Responsibility - It's All About Me

Responsibility - It's All About Me

Well the CEO CookOff date is getting closer with terrifying speed and more and more I think about the positive impact this initiative could have on young people, their overall health plus the real help it could give to individuals who are going through excessively challenging times.

Yesterday I completed a day three of my Personal Leadership Programme and, as always, I am truly blown away by what a group of ten senior leaders have achieved in three weeks and how many lives they have positively impacted.

I believe that what Ronni Khan and now Jamie Oliver are achieving is, in really simple terms, leadership at every level.  For me, leadership is fundamentally about three things:

  • How we choose to think
  • Understanding responsibility at a profoundly deeper level
  • Communication

Surely this is what needs to happen with this initiative.  There can be the best planning and re-education in the world about the importance of great nutrition for health and well-being but, if each and every individual does not take full responsibility and ownership for the choices they now make then I would suggest that this education will achieve limited results.

If a young person has the belief that making these new choices is going to be difficult because of various reasons – the school doesn’t support the project, no one at home eats this way, it is more expensive etc. etc. – then whether that belief is useful or not, that individual will look for evidence to support that belief.  No matter how much we then do our best to tell them how important this is, we are in effect, telling them that they are not capable of thinking for themselves, we have to do it for them! I am utterly convinced that it really isn’t possible to change another person’s belief, you can only change your behaviour and hope that this may influence them to change it for themselves.  Communicating differently and asking questions to enable them to challenge their own thinking allows them to think afresh and take ownership for their choices.  With over 45,000 people having been through this programme, so pretty well researched, there is no doubt in my mind that for this initiative to really have the amazing impact that it could, leadership will be key.  To say again:

  • How we think
  • Responsibility
  • Communication

So... the closer we get to March 21st the more curious I am as to how the next steps will be played out.  Getting it right will mean that the impact on our young people and on the health of our country will be amazing.  I cannot remember the exact quote (senior moment!) and it is along the lines of ‘catch them a fish and feed them for a meal, teach them how to fish and feed them for a lifetime.’  Let’s teach them how to fish!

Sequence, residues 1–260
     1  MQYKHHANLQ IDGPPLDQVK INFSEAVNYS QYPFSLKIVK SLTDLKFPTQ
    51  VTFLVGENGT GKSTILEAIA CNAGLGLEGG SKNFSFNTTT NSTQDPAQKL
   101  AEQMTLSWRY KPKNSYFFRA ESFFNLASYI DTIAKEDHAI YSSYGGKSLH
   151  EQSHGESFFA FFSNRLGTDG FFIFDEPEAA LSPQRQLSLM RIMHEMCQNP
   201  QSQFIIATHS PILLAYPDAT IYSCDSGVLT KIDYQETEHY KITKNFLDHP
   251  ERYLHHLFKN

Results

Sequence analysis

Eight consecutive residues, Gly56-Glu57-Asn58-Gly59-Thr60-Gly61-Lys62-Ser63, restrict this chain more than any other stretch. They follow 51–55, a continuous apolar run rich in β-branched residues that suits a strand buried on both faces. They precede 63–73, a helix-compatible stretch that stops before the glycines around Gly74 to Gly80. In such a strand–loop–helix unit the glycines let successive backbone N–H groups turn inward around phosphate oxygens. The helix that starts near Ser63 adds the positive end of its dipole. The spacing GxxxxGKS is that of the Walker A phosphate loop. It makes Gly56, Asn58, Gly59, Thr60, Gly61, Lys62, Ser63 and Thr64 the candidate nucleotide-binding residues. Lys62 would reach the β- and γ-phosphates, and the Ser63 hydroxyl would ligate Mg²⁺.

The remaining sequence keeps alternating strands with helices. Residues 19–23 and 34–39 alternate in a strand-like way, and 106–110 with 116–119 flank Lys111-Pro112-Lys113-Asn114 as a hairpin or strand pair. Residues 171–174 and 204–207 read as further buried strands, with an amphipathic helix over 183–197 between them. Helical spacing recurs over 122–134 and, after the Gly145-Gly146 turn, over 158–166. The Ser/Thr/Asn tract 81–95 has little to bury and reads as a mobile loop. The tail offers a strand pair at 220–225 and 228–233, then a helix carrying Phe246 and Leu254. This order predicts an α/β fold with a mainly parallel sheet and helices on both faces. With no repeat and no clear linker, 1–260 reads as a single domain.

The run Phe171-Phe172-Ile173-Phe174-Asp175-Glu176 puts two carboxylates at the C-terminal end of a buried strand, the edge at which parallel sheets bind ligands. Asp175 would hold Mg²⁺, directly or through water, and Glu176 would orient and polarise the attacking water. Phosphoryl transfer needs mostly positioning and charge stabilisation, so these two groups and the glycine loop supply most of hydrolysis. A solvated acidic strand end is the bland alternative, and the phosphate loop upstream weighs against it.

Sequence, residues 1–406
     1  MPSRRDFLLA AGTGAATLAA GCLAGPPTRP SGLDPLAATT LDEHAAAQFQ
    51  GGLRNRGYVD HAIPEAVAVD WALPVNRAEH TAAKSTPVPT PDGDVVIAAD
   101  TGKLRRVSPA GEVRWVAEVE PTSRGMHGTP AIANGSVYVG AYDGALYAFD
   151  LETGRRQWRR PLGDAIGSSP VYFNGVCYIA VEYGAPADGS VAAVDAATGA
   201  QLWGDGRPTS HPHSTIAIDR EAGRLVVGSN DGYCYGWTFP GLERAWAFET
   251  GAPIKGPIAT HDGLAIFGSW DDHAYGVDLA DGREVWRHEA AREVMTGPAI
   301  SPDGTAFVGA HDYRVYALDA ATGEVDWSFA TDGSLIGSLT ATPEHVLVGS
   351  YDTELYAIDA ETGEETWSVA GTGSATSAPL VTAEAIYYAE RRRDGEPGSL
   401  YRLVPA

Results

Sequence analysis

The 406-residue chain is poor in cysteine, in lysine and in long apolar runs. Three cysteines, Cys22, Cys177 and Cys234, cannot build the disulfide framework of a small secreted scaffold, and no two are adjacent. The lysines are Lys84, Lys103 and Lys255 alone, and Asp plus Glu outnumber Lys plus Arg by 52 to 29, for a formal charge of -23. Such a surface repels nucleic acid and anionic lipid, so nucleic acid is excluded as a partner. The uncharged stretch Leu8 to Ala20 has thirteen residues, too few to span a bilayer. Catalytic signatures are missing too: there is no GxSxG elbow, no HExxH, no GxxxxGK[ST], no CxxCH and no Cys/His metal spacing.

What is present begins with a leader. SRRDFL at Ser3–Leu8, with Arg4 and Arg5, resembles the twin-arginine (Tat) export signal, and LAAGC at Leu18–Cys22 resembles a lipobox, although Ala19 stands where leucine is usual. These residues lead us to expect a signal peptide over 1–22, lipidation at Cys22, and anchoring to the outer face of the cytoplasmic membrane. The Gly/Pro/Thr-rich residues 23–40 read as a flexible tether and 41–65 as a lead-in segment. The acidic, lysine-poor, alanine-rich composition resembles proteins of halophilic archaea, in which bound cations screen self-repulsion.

If you would like to support our goal of raising £2 million, you can donate here.

       Penny cooks with Jamie Oliver!    On 21 March 2017, Penny will be donning an apron for an epic night of cooking and fundraising. She is taking part in the first ever UK   CEO CookOff     – which will see 100 senior business leaders join forces with 30 top chefs, in one enormous kitchen! The aim is to raise £2 million to tackle food waste, obesity and malnutrition, through the work of the     Jamie Oliver Food Foundation     and   UKHarvest.     They’ll be serving a banquet to hundreds of everyday heroes from our schools and hospitals as a thank you for their amazing work with children and patients.     There are 13 million kids in this country, and one third of them are obese. The funds raised from the CEO CookOff will go towards food education schemes in schools, via the Jamie Oliver Food Foundation, and will also be used to save surplus food from going to landfill (and redistribute it to those in need), through the work of charity UKHarvest.     It’s a fantastic and ambitious event, which could make a real difference to the lives of millions of people. Penny has pledged to raise     £10,000     and we'd love your support to help her smash that target!     To donate, simply go to Penny's fundraising page at   www.ceocookoff.co.uk     and click ‘donate’.     Whether it’s £5 or £500, any amount you can donate is appreciated and will go a long way to help raise money for better food education, reducing food waste and feeding people who need it.